At this year's ICML, they gave out a "10 year" award to a paper published in an ICML-related venue from 1998. This year it went to a COLT 1998 paper by Avrim Blum and Tom Mitchell: Combining Labeled and Unlabeled Data with Co-Training. While I'm not super familiar with what might have been a contender, I have to say that I definitely think this is a good choice.
For those unfamiliar with the idea of co-training, you should really read the paper. There's also a wikipedia entry that describes it as:
Co-training is a semi-supervised learning technique that requires two views of the data. It was introduced by Avrim Blum and Tom Mitchell. It assumes that each example is described using two different feature sets that provide different, complementary information about the instance. Ideally, the two views are conditionally independent (i.e., the two feature sets of each instance are conditionally independent given the class) and each view is sufficient (i.e., the class of an instance can be accurately predicted from each view alone). Co-training first learns a separate classifier for each view using any labeled examples. The most confident predictions of each classifier on the unlabeled data are then used to iteratively construct additional labeled training data.This is a good summary of the algorithm, but what is left off is that---as far as I know---co-training was one of the first (if not the first) method for which theoretical analysis showed that semi-supervised learning might help. My history is a bit rough, so anyone should feel free to correct me if I'm wrong.
Another aspect of co-training that is cool for readers of this blog is that to a reasonable degree, it has its roots in a 1995 ACL paper by David Yarowsky: Unsupervised Word Sense Disambiguation Rivaling Supervised Methods, which, as far as I know, was really the first paper to introduce the notion of having two views of data (although I don't think David described it as such).
All in all, the co-training paper is great. In fact, if you don't believe me that I think it's great, check out my EMNLP 2008 paper. My analysis (and, to some degree, algorithm) are based heavily on the co-training analysis.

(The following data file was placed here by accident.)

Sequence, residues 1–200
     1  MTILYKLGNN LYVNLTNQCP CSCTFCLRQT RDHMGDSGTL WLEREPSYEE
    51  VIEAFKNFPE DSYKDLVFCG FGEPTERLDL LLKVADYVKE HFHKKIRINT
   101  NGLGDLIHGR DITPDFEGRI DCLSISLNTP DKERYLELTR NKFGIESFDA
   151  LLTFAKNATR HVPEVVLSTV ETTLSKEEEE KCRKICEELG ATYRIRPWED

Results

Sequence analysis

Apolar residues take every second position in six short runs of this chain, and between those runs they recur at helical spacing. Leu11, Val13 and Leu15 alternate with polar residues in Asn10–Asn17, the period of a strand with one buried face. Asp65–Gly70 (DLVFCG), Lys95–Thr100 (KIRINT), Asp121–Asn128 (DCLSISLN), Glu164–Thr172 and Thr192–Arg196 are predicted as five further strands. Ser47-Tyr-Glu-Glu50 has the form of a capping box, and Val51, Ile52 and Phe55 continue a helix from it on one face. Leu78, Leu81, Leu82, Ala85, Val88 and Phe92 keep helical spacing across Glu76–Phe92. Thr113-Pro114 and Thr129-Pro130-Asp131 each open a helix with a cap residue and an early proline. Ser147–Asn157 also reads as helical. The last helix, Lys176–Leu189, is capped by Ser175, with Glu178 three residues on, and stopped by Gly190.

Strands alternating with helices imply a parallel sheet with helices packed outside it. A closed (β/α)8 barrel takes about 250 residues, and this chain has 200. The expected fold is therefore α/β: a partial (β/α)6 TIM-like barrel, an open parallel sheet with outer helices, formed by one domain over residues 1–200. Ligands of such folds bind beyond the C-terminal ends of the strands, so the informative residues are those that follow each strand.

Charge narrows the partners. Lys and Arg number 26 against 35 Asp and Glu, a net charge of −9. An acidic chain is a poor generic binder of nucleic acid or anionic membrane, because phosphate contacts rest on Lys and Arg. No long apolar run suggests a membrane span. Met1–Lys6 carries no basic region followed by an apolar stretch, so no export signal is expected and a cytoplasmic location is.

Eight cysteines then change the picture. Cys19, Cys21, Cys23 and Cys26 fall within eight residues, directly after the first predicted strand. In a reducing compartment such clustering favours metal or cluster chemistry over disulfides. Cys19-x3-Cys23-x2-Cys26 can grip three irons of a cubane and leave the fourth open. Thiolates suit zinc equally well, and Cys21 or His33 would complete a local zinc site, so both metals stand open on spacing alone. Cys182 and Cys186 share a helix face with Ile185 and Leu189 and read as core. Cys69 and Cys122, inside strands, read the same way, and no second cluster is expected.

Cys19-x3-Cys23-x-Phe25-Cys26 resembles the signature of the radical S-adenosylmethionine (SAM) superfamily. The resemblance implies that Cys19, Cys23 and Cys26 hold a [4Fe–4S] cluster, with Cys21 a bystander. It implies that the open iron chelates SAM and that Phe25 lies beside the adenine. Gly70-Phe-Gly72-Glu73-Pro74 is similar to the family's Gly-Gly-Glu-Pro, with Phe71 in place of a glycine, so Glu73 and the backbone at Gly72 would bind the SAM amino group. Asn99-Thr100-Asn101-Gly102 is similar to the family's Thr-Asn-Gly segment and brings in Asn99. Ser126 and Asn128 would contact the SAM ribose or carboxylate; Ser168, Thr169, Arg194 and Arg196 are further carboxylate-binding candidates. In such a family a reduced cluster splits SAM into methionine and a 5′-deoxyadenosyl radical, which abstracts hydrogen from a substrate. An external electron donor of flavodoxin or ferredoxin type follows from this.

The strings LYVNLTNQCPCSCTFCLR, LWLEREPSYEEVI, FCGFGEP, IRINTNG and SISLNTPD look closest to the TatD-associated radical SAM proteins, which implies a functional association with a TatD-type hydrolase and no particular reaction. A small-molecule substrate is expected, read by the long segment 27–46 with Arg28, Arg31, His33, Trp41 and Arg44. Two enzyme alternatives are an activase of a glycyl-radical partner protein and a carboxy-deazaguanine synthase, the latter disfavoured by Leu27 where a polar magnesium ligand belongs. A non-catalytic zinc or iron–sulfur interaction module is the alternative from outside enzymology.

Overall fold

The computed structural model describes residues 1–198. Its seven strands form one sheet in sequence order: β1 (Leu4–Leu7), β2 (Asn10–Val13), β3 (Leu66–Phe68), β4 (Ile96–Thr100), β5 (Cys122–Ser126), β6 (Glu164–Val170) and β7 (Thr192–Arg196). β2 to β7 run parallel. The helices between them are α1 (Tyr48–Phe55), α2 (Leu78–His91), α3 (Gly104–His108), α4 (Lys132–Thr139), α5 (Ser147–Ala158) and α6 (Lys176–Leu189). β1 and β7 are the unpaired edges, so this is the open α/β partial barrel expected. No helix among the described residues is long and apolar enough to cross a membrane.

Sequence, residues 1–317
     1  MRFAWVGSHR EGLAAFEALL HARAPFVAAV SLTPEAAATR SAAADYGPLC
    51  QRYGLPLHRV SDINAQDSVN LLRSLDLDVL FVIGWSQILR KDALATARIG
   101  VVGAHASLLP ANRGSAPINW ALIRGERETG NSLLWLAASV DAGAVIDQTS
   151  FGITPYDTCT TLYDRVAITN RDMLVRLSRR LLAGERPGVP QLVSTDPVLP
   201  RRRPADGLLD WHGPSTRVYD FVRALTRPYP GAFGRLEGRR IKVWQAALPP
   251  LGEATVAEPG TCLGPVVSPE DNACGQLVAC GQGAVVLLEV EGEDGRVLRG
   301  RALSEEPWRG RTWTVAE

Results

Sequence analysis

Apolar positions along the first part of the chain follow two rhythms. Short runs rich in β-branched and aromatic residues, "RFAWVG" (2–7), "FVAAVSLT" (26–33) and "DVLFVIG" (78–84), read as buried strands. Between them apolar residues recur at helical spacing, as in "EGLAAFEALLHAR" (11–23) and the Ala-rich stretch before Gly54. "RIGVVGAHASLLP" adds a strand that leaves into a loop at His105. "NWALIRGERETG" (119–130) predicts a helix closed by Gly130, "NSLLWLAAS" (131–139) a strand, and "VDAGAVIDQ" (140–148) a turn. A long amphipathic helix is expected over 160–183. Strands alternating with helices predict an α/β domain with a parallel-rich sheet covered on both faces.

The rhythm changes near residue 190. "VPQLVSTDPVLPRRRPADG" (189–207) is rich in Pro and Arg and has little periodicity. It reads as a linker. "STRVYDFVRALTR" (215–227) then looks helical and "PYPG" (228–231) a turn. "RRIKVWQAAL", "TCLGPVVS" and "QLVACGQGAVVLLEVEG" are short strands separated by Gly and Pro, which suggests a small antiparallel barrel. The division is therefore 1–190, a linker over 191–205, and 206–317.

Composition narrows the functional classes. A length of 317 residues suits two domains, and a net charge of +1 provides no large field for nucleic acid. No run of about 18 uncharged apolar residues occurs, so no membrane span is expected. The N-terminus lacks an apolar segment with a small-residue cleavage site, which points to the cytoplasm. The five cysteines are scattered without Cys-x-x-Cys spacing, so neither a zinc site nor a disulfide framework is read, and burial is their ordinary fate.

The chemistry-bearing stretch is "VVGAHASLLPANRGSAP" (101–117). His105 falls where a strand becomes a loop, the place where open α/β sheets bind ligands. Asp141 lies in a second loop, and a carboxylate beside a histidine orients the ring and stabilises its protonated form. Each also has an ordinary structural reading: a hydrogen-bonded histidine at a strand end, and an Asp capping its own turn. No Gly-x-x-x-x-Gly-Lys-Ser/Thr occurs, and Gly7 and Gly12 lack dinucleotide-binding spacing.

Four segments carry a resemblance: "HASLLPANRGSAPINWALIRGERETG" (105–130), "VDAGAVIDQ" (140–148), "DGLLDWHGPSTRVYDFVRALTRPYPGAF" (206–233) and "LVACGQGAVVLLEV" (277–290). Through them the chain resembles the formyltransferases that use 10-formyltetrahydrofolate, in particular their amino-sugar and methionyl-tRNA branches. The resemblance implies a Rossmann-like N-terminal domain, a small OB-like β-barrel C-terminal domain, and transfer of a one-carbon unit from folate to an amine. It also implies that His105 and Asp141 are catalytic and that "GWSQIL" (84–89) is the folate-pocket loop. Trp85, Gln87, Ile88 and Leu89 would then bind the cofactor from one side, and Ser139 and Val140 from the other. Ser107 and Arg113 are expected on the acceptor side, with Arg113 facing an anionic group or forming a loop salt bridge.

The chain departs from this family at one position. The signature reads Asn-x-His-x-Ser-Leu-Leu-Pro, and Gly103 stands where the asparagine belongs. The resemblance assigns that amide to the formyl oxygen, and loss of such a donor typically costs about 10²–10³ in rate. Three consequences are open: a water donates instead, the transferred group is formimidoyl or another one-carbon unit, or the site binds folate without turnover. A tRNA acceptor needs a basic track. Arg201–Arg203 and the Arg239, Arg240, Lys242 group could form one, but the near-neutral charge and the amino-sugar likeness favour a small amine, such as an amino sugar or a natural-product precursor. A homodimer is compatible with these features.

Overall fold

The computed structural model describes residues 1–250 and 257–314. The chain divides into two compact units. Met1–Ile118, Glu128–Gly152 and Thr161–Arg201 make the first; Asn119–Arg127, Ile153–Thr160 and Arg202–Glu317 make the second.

Which brings me to what I really want to discuss. That is, I have a strong feeling that if the co-training paper were reviewed today, it would be blasted for the theoretical analysis. (Indeed, I had the same fear for my EMNLP paper; though since it was EMNLP and not, say, COLT, I don't think the problem was as severe.) The problem with the co-training paper is that the theoretical result is for an algorithm that is only superficially related to the actual algorithm they implement. In particular, the actual algorithm they implement uses notions of confidence, and steadily increasing training set size, and incremental additions and so on. It's vastly more complicated that the algorithm they analyze. My recent experience as both an author and reviewer at places like NIPS and ICML is that this is pretty much a non-starter these day.
In fact, the algorithm is so different that it took three years for an analysis of something even remotely close to come out. In NIPS 2001, Sanjoy Dasgupta, Michael Littman and David McAllester published a paper that actually tries to analyze something closer to the "real" co-training algorithm. They get pretty close. And this analysis paper is a full NIPS paper that basically just proves one (main) theorem.
(A similar set of events happened with David Yarowsky's paper. He didn't include any theoretical analysis, but there has been subsequent work, for instance by Steve Abney to try to understand the Yarowsky algorithm theoretically. And again we see that an analysis of the exact original algorithm is a bit out of grasp.)
I'm sure other people will disagree--which is fine--but my feeling about this matter is that there's nothing wrong with proving something interesting about an algorithm that is not quite exactly what you implement. The danger, of course, is if you get an incorrect intuition. For instance, in the case of co-training, maybe it really was all these "additions" that made the algorithm work, and the whole notion of having two views was useless. This seems to have turned out not to be the case, but it would be hard to tell. For instance, the co-training paper doesn't report results on the actual algorithm analyzed: presumably it doesn't work very well or there would be no need for the more complex variant (I've never tried to implement it). On the other hand, if it had taken Avrim and Tom three extra years to prove something stronger before publishing, then the world would have had to wait three extra years for this great paper.
The approach I took in my EMNLP paper, which, at least as of now, I think is reasonable, is to just flat out acknowledge that the theory doesn't really apply to the algorithm that was implemented. (Actually, in the case of the EMNLP paper, I did implement both the simple and the complex and the simple wasn't too much worse, but the difference was enough to make it worth--IMO--using the more complex one.)